All directors of the company are responsible for the accuracy of the records, regardless of whether they are involved in the operations or not.

The auditors will usually qualify the audit report; this means that they will report to the shareholders that the accounting records are incomplete. If the impact of the missing records is material (most records cannot be found), the auditor will state that they cannot express an opinion on whether the accounts present a true and fair view of the financial position of the company.

As for corporate tax, the IRAS may ask the company why the accounting records are incomplete. They may also discretionarily charge an estimated tax amount on the company in a manner that they see fit.

Under Chapter 50 of the Companies Act, all accounting documents must be retained for not less than 5 years from the end of the financial year in which the transactions or operations to which those records relate are completed.

Yes, you can change the accounting year-end, but it must be approved and resolved in a director’s meeting.

It is not a mandatory requirement for accounting staff to be qualified. However, for established companies, it is good practice to hire qualified accountants or to engage the service of a professional accounting firm to look after the company’s accounting records. Either approach ensures that both the accounting standards and proper accounting records are maintained.

No, it’s not necessary to maintain the full amount of paid-up capital in the bank.

Larger companies are required to have audits by law, but many would do so even if there were no statutory obligations. An independent audit is crucial to good corporate governance and essential to an effective internal financial control function.

More importantly, an audit adds credibility to information provided to stakeholders. It assures investors and other providers of finance who can make their decisions in a safe environment, with confidence. Safety and confidence reduce the cost of capital which make companies more competitive and more profitable.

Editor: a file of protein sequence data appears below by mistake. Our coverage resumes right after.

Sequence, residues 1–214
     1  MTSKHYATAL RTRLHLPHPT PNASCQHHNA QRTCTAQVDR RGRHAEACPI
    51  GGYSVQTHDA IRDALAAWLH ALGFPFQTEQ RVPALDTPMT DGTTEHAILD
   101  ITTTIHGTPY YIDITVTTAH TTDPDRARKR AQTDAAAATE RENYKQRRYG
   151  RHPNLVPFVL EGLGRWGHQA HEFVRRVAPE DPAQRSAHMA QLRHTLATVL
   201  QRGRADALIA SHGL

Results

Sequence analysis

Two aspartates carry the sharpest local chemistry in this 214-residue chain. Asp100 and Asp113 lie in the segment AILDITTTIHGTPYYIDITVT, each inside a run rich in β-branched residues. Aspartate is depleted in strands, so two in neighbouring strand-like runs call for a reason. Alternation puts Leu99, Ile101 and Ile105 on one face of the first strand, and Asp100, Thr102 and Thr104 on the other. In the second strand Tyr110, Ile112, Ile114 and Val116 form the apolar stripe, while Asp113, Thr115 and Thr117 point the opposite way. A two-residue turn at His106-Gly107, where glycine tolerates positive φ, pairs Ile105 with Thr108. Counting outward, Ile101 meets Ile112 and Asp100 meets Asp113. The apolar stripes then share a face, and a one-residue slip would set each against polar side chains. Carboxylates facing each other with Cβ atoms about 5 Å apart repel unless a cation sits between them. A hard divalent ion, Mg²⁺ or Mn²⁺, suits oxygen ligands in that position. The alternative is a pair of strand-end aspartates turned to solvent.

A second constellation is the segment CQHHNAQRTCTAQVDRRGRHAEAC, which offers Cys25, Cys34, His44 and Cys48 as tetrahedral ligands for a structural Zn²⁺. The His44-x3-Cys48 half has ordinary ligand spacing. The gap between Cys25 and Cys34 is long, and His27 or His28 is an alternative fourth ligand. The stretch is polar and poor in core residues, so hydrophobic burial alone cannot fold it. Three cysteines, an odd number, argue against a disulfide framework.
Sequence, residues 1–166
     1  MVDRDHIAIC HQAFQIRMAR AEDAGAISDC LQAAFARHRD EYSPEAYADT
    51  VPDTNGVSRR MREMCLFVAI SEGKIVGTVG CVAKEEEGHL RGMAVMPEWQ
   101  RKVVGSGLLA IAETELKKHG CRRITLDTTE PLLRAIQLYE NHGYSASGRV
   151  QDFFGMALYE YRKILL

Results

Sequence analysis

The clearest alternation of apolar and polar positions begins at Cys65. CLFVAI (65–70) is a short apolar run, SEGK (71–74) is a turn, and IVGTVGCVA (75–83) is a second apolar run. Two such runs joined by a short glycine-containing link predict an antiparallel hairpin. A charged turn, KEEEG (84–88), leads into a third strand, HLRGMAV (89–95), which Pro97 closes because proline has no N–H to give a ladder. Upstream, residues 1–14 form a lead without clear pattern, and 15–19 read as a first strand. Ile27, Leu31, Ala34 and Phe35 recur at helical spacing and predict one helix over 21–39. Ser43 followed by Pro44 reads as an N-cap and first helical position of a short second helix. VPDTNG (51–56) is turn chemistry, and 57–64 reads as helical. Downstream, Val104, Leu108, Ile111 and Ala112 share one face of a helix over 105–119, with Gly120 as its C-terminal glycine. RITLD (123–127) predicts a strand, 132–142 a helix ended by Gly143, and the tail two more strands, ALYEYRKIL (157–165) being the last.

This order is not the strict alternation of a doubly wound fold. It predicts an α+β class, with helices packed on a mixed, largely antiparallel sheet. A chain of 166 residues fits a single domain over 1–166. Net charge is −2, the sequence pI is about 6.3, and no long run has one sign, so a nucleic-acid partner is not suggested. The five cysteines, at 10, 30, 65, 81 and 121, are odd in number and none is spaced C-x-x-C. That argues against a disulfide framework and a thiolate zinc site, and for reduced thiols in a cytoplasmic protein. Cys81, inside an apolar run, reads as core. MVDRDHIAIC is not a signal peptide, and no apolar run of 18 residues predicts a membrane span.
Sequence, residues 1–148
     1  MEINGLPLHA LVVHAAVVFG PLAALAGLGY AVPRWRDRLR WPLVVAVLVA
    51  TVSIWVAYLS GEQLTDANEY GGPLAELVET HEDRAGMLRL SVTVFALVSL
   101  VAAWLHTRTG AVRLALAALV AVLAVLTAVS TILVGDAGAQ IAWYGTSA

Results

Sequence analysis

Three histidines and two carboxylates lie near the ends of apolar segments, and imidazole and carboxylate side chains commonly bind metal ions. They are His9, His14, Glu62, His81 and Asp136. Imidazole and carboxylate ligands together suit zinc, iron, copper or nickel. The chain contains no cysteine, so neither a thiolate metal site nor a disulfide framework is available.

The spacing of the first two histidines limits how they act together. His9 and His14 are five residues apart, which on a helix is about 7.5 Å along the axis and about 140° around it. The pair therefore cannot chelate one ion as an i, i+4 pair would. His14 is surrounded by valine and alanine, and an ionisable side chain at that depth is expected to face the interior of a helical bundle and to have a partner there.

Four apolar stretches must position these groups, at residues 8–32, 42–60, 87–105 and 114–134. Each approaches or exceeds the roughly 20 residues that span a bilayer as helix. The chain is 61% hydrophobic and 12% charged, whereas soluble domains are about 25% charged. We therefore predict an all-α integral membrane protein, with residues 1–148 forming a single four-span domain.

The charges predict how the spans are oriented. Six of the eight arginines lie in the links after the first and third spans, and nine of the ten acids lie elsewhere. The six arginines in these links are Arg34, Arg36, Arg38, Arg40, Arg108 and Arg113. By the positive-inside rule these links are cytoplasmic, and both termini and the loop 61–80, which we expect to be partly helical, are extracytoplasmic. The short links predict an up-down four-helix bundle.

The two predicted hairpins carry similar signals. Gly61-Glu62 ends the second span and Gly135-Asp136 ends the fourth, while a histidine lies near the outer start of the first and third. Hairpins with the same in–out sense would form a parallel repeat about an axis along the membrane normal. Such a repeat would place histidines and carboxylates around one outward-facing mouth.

Other purposes for companies to have audits include:

• Satisfy stakeholders such as investors, employees, customers and suppliers as to the credibility of published information
• Facilitate computation of corporate tax, goods and services tax, and other taxes accurately and payment on time, thereby avoiding queries and possible investigations and penalties
• Enable companies to comply with banking covenants
• Help deter and detect material frauds and errors
• Facilitate the purchase and sale of businesses
• Take advantage of the spin-off benefits such as advice on the structure, internal control and operations of systems
• Demonstrate good corporate governance

Under the Singapore Companies Act, all companies must get their financial statements and accounting records audited by an auditor on an annual basis, unless the company meets the Singapore audit exemption requirement.

A company is exempted from having its accounts audited if it is considered as a small company.

A company is exempted from having its accounts audited if it is considered as a small company.

To qualify for the small company status, the company has to firstly be a private limited company. Secondly, it has to satisfy any 2 of the 3 audit exemption criteria:

  • Total annual revenue ≤ SGD $10 million
  • Total assets ≤ SGD $10 million
  • Total number of employees ≤ 50

Nonetheless, all companies are required to maintain proper accounting records and prepare “true and fair” financial statements that comply with the requirement of Financial Reporting Standards (FRS) that are prescribed by the Council on Corporate Disclosure and Governance (CCDG).

Under the Singapore Companies Act, all companies, with the exemption of small companies in Singapore need to be audited annually.

However, you may wish to note that audit fees are generally lower for companies with fewer transactions.

Audits add value to the company. Smaller companies invest in audits for the same reasons as larger companies, and specific issues make smaller companies invest in an audit worthwhile:

  • The cost of the audit is often marginal for small companies, particularly where the auditor is involved in the preparation of the statutory accounts.
  • Small companies who prepare their accounts often need help in arriving at adjustments, such as those for obsolete stocks, bad debts and other provisions.
  • Small companies may find themselves subject to a statutory audit requirement when their business grows. The first year and the subsequent years of an audit can induce enormous effort if the accounts are not prepared in good order.
  • An audit is essential in financing negotiations, take-over and buy-out.
  • The close involvement of the auditor provides companies with comfort when faced with tax and regulatory investigations.